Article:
Tag Archives: bears in road-side zoos

Parents: Read this before planning your summer vacation!☀☀☀☀

By Jennifer O’Connor

Summer is here, and every single day, countless moms and dads make decisions that can actually cause their children to get hurt — or worse. I’m not talking about letting them ride skateboards without kneepads or play ball in the street. I’m talking about the risks involved every time a family visits a petting farm, takes an elephant ride or stops at a roadside zoo.

A trip to a petting zoo can result in a trip to the emergency room. Whether they are set up in a mall parking lot or on the midway of a county fair, petting zoos are hotbeds of E. coli bacteria, and numerous children have been infected after visiting such displays. Symptoms can include bloody diarrhea, abdominal cramps, vomiting and fever. It can even be fatal.

In 2015, a toddler died after falling ill with hemolytic uremic syndrome just days after visiting a petting zoo at a Maine fair. This little boy wasn’t the first child to die from an illness acquired at these events, and countless others have suffered from serious health problems, including kidney failure.

Children and adults alike have contracted E. coli after petting animals or simply touching the areas around an exhibition. The bacteria have been found on railings and bleachers and even in sawdust. Yet parents still encourage their little ones to pet the animals.

Roadside zoos aren’t any better. They are little more than backyard menageries or dilapidated facilities where animals are typically kept in barren cages constructed from chain-link or wire fencing. Many enclosures look as if they haven’t been upgraded in decades.

Some of these zoos even dupe visitors into believing that they rescue animals by calling themselves “sanctuaries.” But no legitimate sanctuary offers elephant rides or photo ops with tiger or bear cubs, as many roadside and traveling zoos do.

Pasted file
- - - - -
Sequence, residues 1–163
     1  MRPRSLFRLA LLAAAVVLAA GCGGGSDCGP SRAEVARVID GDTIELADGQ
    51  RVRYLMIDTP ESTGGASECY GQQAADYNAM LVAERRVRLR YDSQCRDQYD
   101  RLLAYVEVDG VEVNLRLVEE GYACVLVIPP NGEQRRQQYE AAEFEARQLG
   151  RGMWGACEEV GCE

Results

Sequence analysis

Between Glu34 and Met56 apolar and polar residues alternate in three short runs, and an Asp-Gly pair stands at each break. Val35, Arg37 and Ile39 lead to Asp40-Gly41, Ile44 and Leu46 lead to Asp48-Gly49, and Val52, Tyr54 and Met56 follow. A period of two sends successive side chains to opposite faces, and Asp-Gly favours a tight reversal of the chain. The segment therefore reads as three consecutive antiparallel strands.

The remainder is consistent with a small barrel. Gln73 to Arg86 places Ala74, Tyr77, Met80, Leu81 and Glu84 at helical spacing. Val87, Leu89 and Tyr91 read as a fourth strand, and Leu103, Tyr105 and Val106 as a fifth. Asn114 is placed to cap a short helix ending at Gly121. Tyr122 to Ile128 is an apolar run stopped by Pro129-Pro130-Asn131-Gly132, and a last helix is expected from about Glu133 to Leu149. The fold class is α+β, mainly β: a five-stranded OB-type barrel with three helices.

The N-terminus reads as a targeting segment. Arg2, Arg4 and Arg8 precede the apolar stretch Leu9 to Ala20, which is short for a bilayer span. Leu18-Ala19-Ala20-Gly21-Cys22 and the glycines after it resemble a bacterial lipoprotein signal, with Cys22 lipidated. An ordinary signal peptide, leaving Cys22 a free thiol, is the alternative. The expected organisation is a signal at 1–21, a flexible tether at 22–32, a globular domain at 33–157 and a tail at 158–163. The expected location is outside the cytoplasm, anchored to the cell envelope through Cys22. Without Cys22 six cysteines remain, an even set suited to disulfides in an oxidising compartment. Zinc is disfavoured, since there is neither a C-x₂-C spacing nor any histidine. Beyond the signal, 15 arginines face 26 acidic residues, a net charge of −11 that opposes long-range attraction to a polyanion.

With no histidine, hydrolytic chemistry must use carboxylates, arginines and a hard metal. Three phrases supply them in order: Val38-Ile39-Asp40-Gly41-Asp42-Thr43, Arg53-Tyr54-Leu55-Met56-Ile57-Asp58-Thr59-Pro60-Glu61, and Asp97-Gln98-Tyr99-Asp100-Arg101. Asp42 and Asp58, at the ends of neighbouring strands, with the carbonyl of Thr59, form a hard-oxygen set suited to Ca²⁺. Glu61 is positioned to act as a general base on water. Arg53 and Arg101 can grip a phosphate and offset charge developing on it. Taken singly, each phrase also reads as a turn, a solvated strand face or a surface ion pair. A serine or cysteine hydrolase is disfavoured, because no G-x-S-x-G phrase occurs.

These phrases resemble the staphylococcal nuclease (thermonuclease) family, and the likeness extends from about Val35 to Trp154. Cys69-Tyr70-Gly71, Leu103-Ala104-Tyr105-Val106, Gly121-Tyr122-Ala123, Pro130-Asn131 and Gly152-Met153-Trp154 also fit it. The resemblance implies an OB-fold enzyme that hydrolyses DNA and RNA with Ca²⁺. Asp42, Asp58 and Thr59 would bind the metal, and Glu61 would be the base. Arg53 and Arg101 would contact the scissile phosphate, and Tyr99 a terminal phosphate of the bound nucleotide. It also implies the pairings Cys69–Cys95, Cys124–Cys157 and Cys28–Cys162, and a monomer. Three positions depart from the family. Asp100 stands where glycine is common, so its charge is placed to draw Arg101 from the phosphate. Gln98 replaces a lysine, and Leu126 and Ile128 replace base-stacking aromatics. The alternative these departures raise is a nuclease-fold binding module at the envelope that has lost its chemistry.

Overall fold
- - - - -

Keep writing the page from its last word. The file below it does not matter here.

Two visitors to an Indiana roadside zoo, including a young girl, were bitten by tiger cubs in at least two separate incidents during public interactions. A 4-year-old Florida girl sustained severe cuts to her head, and her ear was partially severed by a cougar at a children’s birthday party. And 14 students were bitten by a 3-month-old bear cub in a petting zoo at Washington University in St. Louis.

Profit-hungry exhibitors might be able to deceive parents into believing that interactions with little cubs are safe, but it’s genuinely baffling that parents would think it’s OK to allow their children to ride on top of the world’s largest land animal — the elephant.

When a captive elephant goes rogue — and they often do — chaos ensues. At least 15 children were injured when an elephant being used for rides at a Shrine circus in Indiana was startled, then stumbled and knocked over the scaffolding stairway leading to the ride. While carrying children on her back at a state fair, an elephant with the R.W. Commerford & Sons petting zoo panicked, throwing a 3-year-old girl to the ground.

At a Shrine circus in Missouri, three elephants escaped from their handlers near the children’s rides and were on the loose for about 45 minutes.

With so many other fun summer activities to choose from, why put your family (and animals) at risk? National Parks are treasures within reach. Interactive virtual reality displays at natural history museums appeal to a generation that grew up with technology. IMAX theater documentaries can open up a whole new world to the viewer. We can’t protect our children from all of life’s dangers, but when it comes to deciding on family outings, the kinder choices are also the safer ones.

Helping abused animals – always in style!

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In the arena basement, to be chained up – again.

Ringling’s demise closes a chapter in the campaign to help animals

By CircusesHurtAnimals.com (formerly Daniel Carron)